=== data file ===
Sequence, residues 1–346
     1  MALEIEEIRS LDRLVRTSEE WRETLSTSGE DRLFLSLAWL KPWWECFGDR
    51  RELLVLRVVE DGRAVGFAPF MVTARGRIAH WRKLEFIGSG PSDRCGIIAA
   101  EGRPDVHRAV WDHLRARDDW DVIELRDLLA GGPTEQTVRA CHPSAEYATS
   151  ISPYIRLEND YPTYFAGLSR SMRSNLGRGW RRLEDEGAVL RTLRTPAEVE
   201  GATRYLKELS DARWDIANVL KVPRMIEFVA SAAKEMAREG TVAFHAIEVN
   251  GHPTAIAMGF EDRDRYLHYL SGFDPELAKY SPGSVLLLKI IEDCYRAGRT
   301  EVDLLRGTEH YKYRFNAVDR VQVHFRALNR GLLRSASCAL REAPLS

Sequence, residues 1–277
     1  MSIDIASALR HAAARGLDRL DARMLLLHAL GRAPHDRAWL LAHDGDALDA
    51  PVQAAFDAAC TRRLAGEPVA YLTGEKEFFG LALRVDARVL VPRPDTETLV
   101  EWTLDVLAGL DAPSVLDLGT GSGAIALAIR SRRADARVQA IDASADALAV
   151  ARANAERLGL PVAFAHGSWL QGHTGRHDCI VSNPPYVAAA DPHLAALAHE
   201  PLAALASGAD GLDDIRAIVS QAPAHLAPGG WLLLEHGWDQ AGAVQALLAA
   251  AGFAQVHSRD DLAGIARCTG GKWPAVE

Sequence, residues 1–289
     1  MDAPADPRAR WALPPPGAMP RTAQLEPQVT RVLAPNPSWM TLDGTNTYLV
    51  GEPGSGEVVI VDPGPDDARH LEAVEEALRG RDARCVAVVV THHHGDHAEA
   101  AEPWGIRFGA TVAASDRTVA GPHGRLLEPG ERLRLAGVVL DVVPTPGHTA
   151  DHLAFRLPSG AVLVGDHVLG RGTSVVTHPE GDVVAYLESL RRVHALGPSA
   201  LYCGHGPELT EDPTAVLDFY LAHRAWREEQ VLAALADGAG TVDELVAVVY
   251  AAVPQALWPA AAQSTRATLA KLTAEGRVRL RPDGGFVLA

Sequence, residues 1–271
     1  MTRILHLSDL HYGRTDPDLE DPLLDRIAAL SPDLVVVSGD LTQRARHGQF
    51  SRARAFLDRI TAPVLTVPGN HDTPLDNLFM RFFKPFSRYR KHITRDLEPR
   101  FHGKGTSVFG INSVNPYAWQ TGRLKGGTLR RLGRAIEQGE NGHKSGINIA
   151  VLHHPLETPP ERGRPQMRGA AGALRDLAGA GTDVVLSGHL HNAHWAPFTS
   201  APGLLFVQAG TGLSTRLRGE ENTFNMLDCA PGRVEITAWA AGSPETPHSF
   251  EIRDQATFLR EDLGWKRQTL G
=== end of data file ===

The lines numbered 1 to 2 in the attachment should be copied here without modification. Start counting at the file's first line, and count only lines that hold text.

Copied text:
Sequence, residues 1–346
     1  MALEIEEIRS LDRLVRTSEE WRETLSTSGE DRLFLSLAWL KPWWECFGDR